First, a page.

Growing up, I learned that the original goal of unions was to fight for better wages and workers’ rights. I’ve also learned that unions, over the years, have gained much more power and nationally have become political power – it seems to be a different focus. I wasn’t worried. My original path led me to work as an accountant. There are no unions. But the change in profession led me directly to one of the most powerful unions: the teachers’ union.
I didn’t think about it much when I started teaching. There was always help from the local associations and it was easy to see how they were working with the principals to help navigate COVID for students and teachers; However, I became more aware of the power of the union and the focus on the national level as the pandemic changed the world.
Like most teachers, I did not enter the profession to pursue politics. I became a teacher because I loved learning and wanted to help future generations learn to love learning as well. Although I do not always feel successful in my original goal, I know that I do not want my students (or I) to become political pawns in anyone’s quest for power.
With COVID taking hold of the nation, it was easy to see every political party seizing power. Republicans were putting the vaccine in their back pockets; The Democrats had signed the January 6, 2021, Capitol riots in their country. What I didn’t anticipate was the impact of teacher unions, specifically on the Centers for Disease Control and Prevention (CDC) policy decisions regarding COVID regulations and school reopening.
In emails between the American Federation of Teachers (AFT) and the CDC, a senior administrator was reported to have “described the union as the ‘ideological partner of CDC’. The CDC’s wording was changed after a discussion by mail. email with AFT’s Senior Director of Health Issues, Kelly Trautner, her suggestion that “in the event of elevated outcomes for community transmission of a new variant of SARS-CoV-2, it may be necessary to update these new guidelines” to a CDC document without the science to support it, the York Post reported. The use of language from a union supporting Democratic politicians in the CDC document places that union at the center of the politics surrounding COVID.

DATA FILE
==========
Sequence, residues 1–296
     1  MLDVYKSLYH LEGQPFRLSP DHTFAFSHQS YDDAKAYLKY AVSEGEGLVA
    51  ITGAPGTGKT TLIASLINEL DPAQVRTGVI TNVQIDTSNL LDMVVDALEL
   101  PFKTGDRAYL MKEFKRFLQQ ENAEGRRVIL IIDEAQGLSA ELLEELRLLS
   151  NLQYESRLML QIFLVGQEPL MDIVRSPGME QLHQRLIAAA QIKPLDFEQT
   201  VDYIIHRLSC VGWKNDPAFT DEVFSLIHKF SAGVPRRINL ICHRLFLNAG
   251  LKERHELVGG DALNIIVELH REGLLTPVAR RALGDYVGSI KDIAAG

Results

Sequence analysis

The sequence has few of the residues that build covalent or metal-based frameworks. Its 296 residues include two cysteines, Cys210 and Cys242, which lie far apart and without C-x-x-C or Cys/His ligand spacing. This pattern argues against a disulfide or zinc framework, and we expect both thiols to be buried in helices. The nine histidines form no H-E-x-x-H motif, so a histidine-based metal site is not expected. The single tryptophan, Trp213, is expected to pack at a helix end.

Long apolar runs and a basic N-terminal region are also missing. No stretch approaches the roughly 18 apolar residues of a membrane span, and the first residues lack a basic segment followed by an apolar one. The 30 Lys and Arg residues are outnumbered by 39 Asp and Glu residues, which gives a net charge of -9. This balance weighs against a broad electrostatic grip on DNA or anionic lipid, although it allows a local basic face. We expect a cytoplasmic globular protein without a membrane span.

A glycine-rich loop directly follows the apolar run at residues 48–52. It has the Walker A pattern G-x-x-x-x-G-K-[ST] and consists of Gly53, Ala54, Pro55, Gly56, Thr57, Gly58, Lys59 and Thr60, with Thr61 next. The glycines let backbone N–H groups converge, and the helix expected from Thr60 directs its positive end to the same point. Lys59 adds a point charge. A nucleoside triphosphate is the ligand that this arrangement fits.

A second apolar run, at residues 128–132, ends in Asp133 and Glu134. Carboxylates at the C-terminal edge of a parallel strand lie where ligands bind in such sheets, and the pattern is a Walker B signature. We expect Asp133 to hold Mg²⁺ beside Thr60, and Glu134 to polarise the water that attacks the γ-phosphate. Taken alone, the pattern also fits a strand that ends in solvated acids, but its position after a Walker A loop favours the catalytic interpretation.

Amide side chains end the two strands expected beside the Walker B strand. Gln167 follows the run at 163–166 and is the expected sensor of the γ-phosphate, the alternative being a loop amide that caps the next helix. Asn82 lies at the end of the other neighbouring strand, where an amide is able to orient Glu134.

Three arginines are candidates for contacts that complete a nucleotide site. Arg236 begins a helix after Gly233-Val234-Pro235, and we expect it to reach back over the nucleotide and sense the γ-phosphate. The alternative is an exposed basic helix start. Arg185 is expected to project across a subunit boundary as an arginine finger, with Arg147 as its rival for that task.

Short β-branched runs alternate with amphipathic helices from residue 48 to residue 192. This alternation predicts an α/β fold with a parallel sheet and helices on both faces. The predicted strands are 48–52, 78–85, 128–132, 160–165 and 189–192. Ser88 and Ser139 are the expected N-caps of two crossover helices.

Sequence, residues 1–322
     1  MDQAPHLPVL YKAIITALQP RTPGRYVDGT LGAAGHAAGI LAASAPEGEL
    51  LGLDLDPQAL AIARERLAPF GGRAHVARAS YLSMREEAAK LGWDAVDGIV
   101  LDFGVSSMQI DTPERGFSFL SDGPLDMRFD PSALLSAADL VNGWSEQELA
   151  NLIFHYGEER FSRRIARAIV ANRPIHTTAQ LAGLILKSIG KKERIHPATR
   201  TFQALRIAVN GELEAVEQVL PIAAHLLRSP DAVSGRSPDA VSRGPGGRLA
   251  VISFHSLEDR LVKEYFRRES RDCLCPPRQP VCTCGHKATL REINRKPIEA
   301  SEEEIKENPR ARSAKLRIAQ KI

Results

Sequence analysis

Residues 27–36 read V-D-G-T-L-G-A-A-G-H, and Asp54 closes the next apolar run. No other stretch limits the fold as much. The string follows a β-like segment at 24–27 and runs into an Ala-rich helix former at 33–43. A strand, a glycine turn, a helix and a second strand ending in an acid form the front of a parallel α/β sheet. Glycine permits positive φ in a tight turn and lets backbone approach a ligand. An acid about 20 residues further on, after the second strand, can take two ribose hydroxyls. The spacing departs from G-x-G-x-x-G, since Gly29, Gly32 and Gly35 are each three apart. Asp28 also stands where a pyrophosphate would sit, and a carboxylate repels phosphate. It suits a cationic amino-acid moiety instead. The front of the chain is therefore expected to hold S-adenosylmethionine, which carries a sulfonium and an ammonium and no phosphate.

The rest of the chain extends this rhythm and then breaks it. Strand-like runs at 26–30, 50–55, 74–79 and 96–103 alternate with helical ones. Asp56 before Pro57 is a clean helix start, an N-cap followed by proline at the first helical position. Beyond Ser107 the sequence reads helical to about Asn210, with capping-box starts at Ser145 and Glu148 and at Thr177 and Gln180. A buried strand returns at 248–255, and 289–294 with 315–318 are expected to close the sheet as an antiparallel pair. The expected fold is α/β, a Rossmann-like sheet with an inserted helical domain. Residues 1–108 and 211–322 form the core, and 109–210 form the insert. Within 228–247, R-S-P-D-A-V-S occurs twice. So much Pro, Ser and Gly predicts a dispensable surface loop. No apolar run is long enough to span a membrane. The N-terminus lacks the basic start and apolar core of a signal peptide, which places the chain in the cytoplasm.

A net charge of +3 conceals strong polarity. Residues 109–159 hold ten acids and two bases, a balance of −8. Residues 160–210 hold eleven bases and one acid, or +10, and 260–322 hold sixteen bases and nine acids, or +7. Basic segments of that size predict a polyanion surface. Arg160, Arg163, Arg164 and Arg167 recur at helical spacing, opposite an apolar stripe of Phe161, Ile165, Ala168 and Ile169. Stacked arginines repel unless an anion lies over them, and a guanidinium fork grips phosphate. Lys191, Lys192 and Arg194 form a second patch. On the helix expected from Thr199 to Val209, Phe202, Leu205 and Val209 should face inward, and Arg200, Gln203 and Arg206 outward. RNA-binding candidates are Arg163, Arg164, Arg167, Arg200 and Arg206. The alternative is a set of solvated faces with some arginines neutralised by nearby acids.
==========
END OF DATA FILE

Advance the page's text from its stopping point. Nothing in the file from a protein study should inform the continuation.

Fast-forward to today and many teachers are concerned about raising students to grade level because COVID has severely impacted student learning. However, after hearing Randy Weingarten’s keynote speech at the 2022 AFT conference, I wondered what the union’s goal was – or what it should be. Is it ensuring students’ success and achieving their full potential, or is the mission political? Twenty-three minutes into her speech before Weingarten mentioned students and an institution that deals with reading skills, math and science. The first part of the speech addressed political issues such as the pandemic; trying to overturn the 2020 elections; gun laws; The war in Ukraine. and a conservative majority in the Supreme Court that overturned Roe v. Wade, changed the way Miranda’s rights worked, and made other controversial decisions.